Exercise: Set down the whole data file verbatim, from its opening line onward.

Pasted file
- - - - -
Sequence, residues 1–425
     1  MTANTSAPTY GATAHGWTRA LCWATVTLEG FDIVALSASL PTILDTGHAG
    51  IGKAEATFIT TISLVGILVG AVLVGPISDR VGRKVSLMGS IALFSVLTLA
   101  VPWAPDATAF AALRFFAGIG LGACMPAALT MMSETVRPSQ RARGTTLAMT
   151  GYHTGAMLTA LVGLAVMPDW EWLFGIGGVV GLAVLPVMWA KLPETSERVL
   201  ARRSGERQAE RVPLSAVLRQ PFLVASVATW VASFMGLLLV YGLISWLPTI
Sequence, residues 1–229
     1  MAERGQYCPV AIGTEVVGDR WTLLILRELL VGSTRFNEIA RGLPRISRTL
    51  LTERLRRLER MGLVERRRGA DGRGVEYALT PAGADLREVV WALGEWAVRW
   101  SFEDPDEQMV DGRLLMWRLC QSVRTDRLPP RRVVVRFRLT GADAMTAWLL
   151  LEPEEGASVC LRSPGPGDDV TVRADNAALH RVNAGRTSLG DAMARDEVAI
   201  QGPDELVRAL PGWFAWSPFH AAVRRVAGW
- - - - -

Sequence, residues 1–425
     1  MTANTSAPTY GATAHGWTRA LCWATVTLEG FDIVALSASL PTILDTGHAG
    51  IGKAEATFIT TISLVGILVG AVLVGPISDR VGRKVSLMGS IALFSVLTLA
   101  VPWAPDATAF AALRFFAGIG LGACMPAALT MMSETVRPSQ RARGTTLAMT
   151  GYHTGAMLTA LVGLAVMPDW EWLFGIGGVV GLAVLPVMWA KLPETSERVL
   201  ARRSGERQAE RVPLSAVLRQ PFLVASVATW VASFMGLLLV YGLISWLPTI
Sequence, residues 1–229
     1  MAERGQYCPV AIGTEVVGDR WTLLILRELL VGSTRFNEIA RGLPRISRTL
    51  LTERLRRLER MGLVERRRGA DGRGVEYALT PAGADLREVV WALGEWAVRW
   101  SFEDPDEQMV DGRLLMWRLC QSVRTDRLPP RRVVVRFRLT GADAMTAWLL
   151  LEPEEGASVC LRSPGPGDDV TVRADNAALH RVNAGRTSLG DAMARDEVAI
   201  QGPDELVRAL PGWFAWSPFH AAVRRVAGW